The Right Way to Workshop

One of the things about the Digital Storytelling workshop that I really appreciated was its pedagogical effectiveness. I feel as if I’ll retain some competence with the tools we worked with (primarily Final Cut Express).

I know I’m dropping into a long-running conversation among people who do training or workshops (whether for information technology or otherwise) but here’s my view after having participated in a number of sessions of this kind.

1. Showing participants a whole range of cool things that a type of technology can accomplish (or covering a lot of subject matter for any other topic, for that matter) doesn’t work well. Your mind numbs out after a while, it all blurs together, and it’s too passive an experience to gain a toehold. This is a big temptation for someone trying to evangelize for new tools or capabilities, showing off everything from soup to nuts. But even a receptive audience is going to come away from that kind of experience with no real feel for what they’ve seen.

2. Having participants do hands-on work with a new technology doesn’t work if they’re doing exercises suggested by the facilitator, at least not if the point is to try and suggest possible uses for a new technology to faculty or other relatively autonomous workers who can take or leave that suggestion as they please. I suppose if you’re training people in a new version of Excel and they have to learn it as a job requirement, it doesn’t matter if you’re helping them envision the range of its uses and you can go ahead and just have them do rote exercises. Otherwise, though, hands-on projects have to come from the participants.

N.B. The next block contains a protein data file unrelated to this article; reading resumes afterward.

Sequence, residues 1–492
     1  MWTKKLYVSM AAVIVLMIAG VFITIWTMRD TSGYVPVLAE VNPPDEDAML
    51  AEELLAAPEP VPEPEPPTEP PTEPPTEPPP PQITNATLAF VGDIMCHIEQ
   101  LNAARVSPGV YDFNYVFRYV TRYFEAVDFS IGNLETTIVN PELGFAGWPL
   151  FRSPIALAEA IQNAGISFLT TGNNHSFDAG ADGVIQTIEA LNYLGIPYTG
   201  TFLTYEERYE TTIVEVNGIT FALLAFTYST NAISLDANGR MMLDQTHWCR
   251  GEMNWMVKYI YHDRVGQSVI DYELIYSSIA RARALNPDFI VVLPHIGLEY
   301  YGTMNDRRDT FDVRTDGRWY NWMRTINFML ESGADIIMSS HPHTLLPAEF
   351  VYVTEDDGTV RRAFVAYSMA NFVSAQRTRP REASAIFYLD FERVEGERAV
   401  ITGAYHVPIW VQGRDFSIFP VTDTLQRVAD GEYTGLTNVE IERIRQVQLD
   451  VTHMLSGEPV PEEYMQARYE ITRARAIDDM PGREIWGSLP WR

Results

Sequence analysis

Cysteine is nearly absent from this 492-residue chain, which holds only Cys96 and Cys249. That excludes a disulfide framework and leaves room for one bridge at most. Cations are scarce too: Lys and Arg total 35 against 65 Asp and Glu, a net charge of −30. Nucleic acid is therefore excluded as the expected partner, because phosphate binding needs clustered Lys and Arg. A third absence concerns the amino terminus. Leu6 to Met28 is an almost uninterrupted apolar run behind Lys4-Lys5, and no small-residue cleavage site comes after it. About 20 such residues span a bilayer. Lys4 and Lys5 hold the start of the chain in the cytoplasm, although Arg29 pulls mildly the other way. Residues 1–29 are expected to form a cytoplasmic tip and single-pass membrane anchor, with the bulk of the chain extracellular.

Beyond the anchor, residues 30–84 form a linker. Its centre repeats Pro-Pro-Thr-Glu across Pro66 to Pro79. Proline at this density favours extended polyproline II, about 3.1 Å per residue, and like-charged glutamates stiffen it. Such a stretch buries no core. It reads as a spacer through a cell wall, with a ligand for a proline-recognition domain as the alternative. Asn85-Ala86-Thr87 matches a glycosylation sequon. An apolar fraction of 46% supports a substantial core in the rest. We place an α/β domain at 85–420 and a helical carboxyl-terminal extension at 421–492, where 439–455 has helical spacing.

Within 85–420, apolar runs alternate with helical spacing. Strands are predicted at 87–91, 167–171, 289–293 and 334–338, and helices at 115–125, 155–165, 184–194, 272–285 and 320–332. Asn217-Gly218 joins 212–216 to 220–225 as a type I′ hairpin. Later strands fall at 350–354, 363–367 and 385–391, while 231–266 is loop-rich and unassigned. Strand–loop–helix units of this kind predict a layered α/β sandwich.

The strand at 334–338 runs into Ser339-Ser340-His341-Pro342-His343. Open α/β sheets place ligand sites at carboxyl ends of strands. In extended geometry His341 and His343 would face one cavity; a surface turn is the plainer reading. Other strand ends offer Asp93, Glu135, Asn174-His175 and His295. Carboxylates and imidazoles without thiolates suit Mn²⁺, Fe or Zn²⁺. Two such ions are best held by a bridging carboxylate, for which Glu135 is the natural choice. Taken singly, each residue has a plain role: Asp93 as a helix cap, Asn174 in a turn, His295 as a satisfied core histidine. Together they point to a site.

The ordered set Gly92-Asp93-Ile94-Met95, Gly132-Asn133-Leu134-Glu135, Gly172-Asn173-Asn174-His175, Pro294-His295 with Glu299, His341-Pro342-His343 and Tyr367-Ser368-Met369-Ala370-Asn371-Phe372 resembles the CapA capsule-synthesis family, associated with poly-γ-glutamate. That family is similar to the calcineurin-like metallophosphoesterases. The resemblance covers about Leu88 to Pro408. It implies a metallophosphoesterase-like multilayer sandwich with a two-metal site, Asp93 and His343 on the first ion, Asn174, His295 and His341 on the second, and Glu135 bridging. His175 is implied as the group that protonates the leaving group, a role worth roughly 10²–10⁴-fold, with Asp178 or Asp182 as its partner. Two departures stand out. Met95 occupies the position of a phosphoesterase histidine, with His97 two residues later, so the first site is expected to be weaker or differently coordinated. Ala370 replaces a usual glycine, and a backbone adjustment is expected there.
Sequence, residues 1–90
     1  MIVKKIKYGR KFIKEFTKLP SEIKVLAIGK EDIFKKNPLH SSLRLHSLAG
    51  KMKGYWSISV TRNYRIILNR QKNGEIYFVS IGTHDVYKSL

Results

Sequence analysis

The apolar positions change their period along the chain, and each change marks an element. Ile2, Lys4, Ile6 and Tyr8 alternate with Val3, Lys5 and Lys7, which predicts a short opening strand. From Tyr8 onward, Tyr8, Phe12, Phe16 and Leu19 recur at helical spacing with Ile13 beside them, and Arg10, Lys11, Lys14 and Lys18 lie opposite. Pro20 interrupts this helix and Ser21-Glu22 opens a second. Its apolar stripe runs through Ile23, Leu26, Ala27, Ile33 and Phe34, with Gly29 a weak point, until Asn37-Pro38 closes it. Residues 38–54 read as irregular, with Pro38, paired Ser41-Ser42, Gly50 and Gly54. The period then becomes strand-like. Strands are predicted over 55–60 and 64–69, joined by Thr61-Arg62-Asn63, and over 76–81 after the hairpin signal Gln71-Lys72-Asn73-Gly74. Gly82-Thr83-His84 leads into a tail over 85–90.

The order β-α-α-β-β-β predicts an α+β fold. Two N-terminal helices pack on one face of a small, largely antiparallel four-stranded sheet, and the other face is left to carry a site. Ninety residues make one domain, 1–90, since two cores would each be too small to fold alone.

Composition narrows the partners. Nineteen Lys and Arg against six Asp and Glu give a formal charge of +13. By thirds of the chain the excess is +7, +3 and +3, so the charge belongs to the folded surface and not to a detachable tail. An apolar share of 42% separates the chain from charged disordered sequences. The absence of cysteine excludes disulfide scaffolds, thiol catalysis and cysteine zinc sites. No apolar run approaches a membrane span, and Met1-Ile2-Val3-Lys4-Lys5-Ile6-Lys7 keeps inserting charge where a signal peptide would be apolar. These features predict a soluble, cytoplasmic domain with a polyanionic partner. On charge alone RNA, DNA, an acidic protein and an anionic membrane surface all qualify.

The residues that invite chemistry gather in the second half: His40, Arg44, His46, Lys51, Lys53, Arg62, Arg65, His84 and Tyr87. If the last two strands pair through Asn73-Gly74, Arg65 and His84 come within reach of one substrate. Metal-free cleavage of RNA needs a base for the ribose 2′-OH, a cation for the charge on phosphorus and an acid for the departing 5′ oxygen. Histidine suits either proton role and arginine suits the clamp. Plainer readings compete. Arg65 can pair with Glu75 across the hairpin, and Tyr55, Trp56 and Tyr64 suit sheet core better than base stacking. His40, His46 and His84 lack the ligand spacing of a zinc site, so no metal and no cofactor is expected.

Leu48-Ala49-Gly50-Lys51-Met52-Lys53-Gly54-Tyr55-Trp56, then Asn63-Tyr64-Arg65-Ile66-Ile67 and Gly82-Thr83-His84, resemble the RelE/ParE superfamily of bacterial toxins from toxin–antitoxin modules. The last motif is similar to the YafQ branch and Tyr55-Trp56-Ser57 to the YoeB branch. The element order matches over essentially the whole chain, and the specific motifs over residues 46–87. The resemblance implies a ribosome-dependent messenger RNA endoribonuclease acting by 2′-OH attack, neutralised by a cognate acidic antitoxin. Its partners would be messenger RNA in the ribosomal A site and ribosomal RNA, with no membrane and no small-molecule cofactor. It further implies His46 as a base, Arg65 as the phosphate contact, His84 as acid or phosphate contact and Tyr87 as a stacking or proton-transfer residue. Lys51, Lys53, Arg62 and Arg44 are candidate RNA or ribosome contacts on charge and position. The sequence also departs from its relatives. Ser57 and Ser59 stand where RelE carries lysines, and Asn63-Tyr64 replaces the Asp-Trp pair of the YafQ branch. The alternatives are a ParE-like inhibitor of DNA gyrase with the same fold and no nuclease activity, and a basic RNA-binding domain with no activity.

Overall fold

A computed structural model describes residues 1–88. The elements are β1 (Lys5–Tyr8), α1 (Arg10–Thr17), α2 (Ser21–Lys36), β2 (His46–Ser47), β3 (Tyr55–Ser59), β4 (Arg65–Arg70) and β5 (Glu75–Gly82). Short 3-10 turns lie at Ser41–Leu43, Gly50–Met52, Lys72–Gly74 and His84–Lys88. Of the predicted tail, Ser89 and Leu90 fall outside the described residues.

3. Workshops or training sessions where eyes have to be on the facilitators much or all of the time don’t work. People need a lengthy amount of time to work independently on a project. I think it’s well-known by now that most users of information technology, whatever their competence level, have learned most of what they know in relative privacy, through trial and error. You’ve got to accommodate that and leave people to their own processes, maybe with some gentle suggestions based on unpressured observation.

So this workshop was a model: a concentration in the beginning on the projects, not the technology, and then a quick move towards independent work with varying levels of facilitation or guidance depending on the needs and interests of the participants.

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3 Responses to The Right Way to Workshop

  1. Carl says:

    Yes, this is my experience too. And of course these points apply to all teaching and learning, so again it’s clear why so few people really learn much from lectures.

  2. scwalsh says:

    I believe the library science instruction subfield discerned a number of these points when dealing with teaching technology. Looking into their literature might be helpful.

  3. Timothy Burke says:

    Sure, but it’s one thing to know it and another thing to do it. As Carl points out, almost anyone who teaches has observed this principle in action, but not that many of us have thoroughly reconstructed everything we teach accordingly, for a lot of reasons (some good, some not-so-good).

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